Cost of EV maintenance

There are also a number of other features that cut the costs of running an EV compared to a petrol or diesel vehicle. For example, battery EV motors have fewer moving parts than fossil-fuel vehicles, no fluids to change and no wear or heat from a combustion engine, there’s less to maintain over time, saving you money (and time) at the mechanics.

New Zealand EV discount policies

You might have heard that New Zealand has implemented a raft of discount policies to reduce the upfront cost of electric vehicles. If you are registering a new or used plug-in electric or hybrid vehicle in NZ for the first time, you are eligible for a substantial rebate. EV users are also exempt from Road User Charges until 2024.


NZ power supply can’t cope with an increase in Electric Vehicles

There’s general anxiety for Kiwis that New Zealand’s infrastructure simply couldn’t handle a significant increase in EVs on our roads, risking overloading the power grid. Reassuringly, EECA estimates that even if all light vehicles in New Zealand were electric, our current total electricity demand would only increase by 20%. This increase would be accommodated by our current electricity grid, especially if most EV’s are charged during off-peak periods.

80% of our country’s electricity is generated from renewable sources, and the supply is abundant and sustainable enough to allow for the widespread adoption of EVs here in New Zealand. Looking abroad, many supply authorities around the world have also stated that they are ready and able to absorb EV demand as it grows and are planning for additions and changes to the system as and when they’re needed, meaning your EV is future-proofed both here in NZ and overseas.

Given that New Zealand’s EV uptake will unlikely grow exponentially overnight, there’s also plenty of time for the necessary planning and local changes to the power grid to manage successfully.

On the flipside, EVs have actually proven to be a benefit rather than a drain on the power grid. In a 2019 trial by Vector, electric car batteries were used to power homes during power cuts. This shows that EVs could potentially ease peak-time demand on electricity networks and keep the power on during outages.


You have to replace an EV battery regularly

Most new EVs have battery warranties that guarantee the battery for a certain length of time (typically 5-8 years or longer) or a specific distance. Generally, your EV battery will last you up to about 300,000km, can be recharged several thousand times, and still be useful after ten or more years of operation.

Once your battery does eventually reach the end of its life as an EV battery, it can also be recycled and repurposed:

  • EV batteries can be disassembled and the best cells reassembled and sold as reconditioned vehicle battery packs.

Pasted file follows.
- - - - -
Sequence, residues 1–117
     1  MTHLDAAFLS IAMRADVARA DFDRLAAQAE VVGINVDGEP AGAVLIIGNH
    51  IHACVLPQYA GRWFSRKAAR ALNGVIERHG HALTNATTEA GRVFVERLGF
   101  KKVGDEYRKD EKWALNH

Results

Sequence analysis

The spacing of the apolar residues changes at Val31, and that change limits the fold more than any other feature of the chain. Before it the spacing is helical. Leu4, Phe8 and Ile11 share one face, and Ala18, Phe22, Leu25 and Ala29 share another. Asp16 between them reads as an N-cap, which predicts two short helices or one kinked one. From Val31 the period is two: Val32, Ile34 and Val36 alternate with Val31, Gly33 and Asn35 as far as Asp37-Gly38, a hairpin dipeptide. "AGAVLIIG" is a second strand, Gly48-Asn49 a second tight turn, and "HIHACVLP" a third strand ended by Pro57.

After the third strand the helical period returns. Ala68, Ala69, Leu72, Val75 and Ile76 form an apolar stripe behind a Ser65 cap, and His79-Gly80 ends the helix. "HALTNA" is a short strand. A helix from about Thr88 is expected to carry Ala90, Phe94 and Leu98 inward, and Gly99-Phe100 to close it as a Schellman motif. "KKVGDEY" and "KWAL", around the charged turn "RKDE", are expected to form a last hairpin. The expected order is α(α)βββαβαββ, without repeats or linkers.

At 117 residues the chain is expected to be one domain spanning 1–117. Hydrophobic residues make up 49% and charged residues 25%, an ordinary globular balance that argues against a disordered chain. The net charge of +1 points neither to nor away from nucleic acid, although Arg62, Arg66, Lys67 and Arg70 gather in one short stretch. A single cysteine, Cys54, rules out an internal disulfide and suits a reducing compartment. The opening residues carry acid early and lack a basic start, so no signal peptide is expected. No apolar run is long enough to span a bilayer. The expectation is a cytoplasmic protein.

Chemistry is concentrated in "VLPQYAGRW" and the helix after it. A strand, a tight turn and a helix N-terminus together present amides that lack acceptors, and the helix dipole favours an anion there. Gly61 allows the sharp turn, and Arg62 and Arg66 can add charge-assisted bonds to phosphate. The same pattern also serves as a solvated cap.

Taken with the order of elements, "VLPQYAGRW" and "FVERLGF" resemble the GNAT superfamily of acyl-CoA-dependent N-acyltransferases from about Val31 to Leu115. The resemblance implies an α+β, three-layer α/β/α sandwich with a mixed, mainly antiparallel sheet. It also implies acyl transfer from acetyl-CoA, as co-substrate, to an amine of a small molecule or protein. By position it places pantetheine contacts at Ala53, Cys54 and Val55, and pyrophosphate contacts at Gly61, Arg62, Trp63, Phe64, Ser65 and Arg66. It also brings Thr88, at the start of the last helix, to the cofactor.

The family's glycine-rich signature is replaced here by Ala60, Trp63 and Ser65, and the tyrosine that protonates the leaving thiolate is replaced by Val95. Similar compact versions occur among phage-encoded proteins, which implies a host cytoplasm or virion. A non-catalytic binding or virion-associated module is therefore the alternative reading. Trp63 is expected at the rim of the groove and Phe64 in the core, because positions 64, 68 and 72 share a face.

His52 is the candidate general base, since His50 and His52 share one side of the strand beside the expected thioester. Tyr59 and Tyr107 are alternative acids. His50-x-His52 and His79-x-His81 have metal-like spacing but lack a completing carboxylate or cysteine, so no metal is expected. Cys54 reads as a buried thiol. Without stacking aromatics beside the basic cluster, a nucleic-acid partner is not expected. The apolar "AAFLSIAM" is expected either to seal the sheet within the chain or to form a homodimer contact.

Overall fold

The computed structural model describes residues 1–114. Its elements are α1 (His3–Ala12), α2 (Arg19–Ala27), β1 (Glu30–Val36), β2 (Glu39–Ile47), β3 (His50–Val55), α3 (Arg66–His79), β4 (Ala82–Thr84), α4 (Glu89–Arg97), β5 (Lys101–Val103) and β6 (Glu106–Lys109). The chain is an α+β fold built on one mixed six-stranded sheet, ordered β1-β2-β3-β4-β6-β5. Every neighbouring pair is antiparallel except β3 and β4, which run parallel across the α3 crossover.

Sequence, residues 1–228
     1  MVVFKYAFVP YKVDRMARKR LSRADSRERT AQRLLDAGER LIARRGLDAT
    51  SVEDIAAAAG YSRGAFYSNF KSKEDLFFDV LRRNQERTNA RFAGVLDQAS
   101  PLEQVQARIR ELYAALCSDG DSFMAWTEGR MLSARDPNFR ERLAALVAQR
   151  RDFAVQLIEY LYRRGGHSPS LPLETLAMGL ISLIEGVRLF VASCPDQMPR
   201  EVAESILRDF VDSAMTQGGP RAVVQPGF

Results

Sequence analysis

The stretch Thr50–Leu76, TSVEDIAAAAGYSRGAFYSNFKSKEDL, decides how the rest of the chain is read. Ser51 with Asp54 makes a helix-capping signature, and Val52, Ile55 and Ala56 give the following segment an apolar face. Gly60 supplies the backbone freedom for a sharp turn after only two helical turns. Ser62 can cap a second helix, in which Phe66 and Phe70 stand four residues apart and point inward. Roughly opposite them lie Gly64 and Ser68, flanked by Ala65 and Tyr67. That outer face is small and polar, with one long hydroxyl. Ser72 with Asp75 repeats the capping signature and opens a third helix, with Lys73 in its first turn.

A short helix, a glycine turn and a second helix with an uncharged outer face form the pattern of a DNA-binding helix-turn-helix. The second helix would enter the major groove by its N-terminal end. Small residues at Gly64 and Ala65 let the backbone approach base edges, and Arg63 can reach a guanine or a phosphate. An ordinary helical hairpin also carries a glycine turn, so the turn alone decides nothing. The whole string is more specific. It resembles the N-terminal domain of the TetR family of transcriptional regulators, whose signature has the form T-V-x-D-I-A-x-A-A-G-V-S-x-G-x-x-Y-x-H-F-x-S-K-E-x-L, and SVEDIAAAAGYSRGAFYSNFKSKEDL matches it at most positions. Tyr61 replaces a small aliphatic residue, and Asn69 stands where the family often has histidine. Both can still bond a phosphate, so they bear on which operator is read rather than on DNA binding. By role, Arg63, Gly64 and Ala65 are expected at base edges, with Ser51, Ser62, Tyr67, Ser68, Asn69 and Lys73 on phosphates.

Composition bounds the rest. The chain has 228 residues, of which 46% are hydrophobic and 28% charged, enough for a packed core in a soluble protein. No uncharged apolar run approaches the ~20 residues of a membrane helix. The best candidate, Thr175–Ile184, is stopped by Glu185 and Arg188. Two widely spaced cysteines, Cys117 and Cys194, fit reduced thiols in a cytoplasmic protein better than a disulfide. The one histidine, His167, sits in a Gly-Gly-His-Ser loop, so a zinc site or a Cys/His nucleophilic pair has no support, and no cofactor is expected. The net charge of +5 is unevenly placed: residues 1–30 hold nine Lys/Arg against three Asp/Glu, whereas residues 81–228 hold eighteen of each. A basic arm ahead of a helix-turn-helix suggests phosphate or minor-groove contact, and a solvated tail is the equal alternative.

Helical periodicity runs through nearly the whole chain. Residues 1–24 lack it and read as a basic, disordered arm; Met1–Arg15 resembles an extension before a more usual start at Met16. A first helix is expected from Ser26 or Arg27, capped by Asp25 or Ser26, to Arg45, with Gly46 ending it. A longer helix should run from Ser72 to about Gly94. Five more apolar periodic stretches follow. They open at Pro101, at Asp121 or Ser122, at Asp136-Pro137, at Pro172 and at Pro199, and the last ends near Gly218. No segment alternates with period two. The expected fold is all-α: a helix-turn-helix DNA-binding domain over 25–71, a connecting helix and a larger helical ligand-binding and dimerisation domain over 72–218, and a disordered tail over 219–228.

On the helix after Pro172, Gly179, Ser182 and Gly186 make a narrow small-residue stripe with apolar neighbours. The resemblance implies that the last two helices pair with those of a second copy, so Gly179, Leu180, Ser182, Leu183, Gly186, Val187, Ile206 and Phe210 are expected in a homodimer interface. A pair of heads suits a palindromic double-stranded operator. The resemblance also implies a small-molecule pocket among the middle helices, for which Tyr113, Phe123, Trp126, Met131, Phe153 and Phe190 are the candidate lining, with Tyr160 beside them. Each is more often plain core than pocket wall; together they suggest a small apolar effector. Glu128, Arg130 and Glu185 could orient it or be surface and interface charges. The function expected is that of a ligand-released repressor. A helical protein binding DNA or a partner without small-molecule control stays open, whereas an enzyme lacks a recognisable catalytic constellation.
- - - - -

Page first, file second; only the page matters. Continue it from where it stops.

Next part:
• Cells that are still okay, but not fit for vehicle use can be repurposed into battery storage systems and have another 8 to 15 years of life.
  • Some used EV batteries can be utilised as stationary storage on electricity grids.
  • Thanks to the latest developments in cell design and component extraction technology, at least 98% of your battery will be able to be recycled, leaving only 2% of your battery as unusable cells.

There’s also an assumption that EV batteries are similar to mobile phones. While the range you can drive will decrease slightly over time as your battery ages, EV batteries are much better built than lithium phone batteries, use efficient charging systems and have controlled temperature management systems that can heat or cool the battery to ensure it always remains within its optimum temperature range. In fact, studies of older Tesla EVs have shown very slow battery range loss over time (an average of just under 10% battery degradation after over 250,000km), and other studies suggest that many EV batteries will outlast the life of the car.

The key to maximising the lifespan of your EV battery is to take care and follow the recommended guidelines in your vehicle’s manual.

5 Tips to increase EV battery life

  • Learn to drive efficiently to reduce degradation
  • Avoid deep-discharging your battery pack by doing partial recharges on a frequent basis
  • Don’t recharge to full every day unless you need to
  • Keep your battery at a comfortable temperature by parking in the shade or a shelter like a garage
  • Plan ahead for periods of extended storage of one month or more (ie. don’t store the EV with a battery that’s too full or too empty and only store in favourable temperature conditions.


Throughout 2022, we will be releasing more EV myth-busting resources. Our second resource discusses whether electric cars are actually better for the environment than gas-powered cars, and then we will cover common misconceptions around EV safety.

Stay up to date on our myth-busting series here.